What’s with Asteroid Ryugu’s Weird Shape?

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Recent space missions have served as solar-system paparazzi, stalking a number of near-Earth objects — and the images they’ve sent home give us plenty to ponder. Can we use these observations to determine how one of these photogenic asteroids obtained its shape?

Visits to Asteroids

Ryugu and Bennu

Asteroids Ryugu (top) and Bennu (bottom) have similar spinning-top shapes. Click to enlarge. [JAXA/U. of Tokyo/Kochi U./Rikkyo U./Nagoya U./Chiba Ins. Tech/Meiji U./U. Aizu/AIST; GSFC/NASA/U. of Arizona]

Near-Earth objects naturally fall under public scrutiny — it’s in our best interests to learn as much as we can about these neighboring (and potentially hazardous!) bodies. Two spacecraft were launched within the past few years to scope out these objects: NASA’s OSIRIS-REx is currently examining the asteroid 101955 Bennu, and JAXA’s Hayabusa2 is exploring the asteroid 162173 Ryugu.

Both missions plan to eventually return samples of their targets to Earth to help us better understand asteroid composition. In the meantime, the spacecraft have provided stunning images of the asteroids’ surfaces and overall structures, allowing us to learn more about these kilometer-scale inhabitants of our solar system.

Details of a Spinning Top

One striking feature of these asteroids is their shape: both Bennu and Ryugu have so-called “spinning-top” shapes, characterized by a raised equatorial ridge that makes the asteroids look more diamond-like than circular when viewed from the side. Such a shape could conceivably be caused by the flow of materials to the equator, but this requires rapid rotation — quicker than Ryugu’s 7.6-hour or Bennu’s 4.3-hour periods.

Ryugu as seen by Hayabusa2

Ryugu seen from the Hayabusa2 spacecraft from different angles. The western region exhibits a smoother surface and a sharper ridge angle than the rest of the asteroid. [Hirabayashi et al. 2019 via JAXA/U. of Tokyo/Kochi U./Rikkyo U./Nagoya U./Chiba Ins. Tech/Meiji U./U. Aizu/AIST]

Hayabusa2’s detailed images of Ryugu reveal other asymmetries of the asteroid: the western region — termed the western bulge — is smoother than the eastern side, and the ridge angle here is sharper: 95° rather than the 105° seen on the rest of the asteroid. Recent research led by Masatoshi Hirabayashi (Auburn University) uses Hayabusa2’s observations to explore the possibility that Ryugu’s deformation was caused by a faster spin rate in its past.

Failed Structure?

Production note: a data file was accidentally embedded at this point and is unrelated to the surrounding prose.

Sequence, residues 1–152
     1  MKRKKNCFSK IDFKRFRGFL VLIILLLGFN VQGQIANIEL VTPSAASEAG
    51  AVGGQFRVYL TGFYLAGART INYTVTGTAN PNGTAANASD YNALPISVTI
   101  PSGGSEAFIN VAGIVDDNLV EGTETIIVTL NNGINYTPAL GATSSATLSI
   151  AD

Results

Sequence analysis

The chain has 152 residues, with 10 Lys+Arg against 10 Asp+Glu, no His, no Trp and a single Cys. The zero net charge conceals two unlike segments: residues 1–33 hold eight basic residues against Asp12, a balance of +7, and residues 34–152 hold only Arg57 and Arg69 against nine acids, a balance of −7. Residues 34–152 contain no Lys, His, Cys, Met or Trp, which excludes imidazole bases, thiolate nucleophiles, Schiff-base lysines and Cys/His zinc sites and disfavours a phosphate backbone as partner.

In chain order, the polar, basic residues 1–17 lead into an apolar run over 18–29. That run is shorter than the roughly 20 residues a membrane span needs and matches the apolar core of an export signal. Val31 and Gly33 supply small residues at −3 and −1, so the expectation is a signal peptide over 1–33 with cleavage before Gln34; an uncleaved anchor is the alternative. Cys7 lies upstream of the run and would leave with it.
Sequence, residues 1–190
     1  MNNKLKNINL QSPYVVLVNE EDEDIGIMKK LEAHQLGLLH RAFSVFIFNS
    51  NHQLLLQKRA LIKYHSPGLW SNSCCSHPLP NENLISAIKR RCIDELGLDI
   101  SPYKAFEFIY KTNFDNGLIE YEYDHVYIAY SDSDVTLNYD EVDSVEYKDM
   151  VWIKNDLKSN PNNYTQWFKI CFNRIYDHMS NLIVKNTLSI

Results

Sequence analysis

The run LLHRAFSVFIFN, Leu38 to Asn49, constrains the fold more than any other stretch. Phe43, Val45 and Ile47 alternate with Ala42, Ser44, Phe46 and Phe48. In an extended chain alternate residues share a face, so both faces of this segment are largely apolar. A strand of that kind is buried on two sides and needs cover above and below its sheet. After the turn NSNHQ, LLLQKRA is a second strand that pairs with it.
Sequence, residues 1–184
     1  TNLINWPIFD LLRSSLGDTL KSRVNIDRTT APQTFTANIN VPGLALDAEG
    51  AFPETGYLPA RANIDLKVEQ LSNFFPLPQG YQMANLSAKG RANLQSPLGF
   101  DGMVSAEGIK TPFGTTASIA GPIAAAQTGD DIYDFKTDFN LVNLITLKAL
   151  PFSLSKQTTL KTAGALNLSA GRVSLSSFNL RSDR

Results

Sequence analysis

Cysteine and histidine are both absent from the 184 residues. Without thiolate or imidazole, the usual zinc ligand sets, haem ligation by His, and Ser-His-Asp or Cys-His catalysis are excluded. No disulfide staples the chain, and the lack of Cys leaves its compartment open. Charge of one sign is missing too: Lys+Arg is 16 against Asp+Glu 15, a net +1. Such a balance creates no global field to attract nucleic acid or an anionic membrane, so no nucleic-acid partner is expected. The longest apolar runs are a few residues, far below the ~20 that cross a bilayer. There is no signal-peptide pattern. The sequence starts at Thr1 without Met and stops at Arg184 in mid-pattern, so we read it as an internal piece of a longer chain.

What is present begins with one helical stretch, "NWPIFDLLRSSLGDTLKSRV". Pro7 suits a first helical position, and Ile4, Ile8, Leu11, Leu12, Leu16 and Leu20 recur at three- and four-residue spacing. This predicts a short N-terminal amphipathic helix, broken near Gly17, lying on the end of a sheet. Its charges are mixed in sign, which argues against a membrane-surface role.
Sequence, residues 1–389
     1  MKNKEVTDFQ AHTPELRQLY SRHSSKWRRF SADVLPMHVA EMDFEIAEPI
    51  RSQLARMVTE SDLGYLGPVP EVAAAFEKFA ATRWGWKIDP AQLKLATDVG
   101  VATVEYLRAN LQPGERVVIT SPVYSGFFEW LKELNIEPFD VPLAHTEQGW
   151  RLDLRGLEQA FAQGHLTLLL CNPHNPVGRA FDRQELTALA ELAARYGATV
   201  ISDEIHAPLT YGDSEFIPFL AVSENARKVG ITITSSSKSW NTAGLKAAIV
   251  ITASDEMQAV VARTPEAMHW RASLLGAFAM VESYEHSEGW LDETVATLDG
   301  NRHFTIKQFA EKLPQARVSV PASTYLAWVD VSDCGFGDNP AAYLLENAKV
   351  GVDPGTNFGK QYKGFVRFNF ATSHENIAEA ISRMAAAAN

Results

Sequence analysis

Hirabayashi and collaborators use numerical models derived from Hayabusa2’s observations to analyze Ryugu’s current structure, judging how well different regions of the asteroid would hold up at different spin rates. The authors show that the subsurface region of the western bulge is currently structurally intact, whereas other regions are sensitive to structural failure. This suggests that the western bulge’s subsurface is relaxed — likely because it already experienced structural deformation in the past.

Ryugu FMD

“Failure mode diagram” computed for Ryugu. The shaded region indicates combinations for which Ryugu cannot structurally exist because the cohesive strength of its material would be below that necessary to remain structurally intact at a given spin period. [Hirabayashi et al. 2019]

What would it take to cause this deformation and create Ryugu’s current structure? Hirabayashi and collaborators show that a past spin period of around 3 hours — more than twice the asteroid’s current spin rate — could have caused the asteroid’s structure to fail in places. As material shifted, it could have generated the smooth surface of the western region and eventually settled to form its current configuration at a spin period of ~3.5 hours. Ryugu’s spin likely slowed gradually over time after this, eventually reaching its current leisurely 7.6-hour period.

The authors acknowledge that this scenario is not the only possible explanation for Ryugu’s shape, but it’s a model that produces results consistent with Hayabusa2’s detailed images. As we gain more data from Hayabusa2 — and from OSIRIS-REx at Bennu — we can hope to refine our theories further!

Citation

“The Western Bulge of 162173 Ryugu Formed as a Result of a Rotationally Driven Deformation Process,” Masatoshi Hirabayashi et al 2019 ApJL 874 L10. doi:10.3847/2041-8213/ab0e8b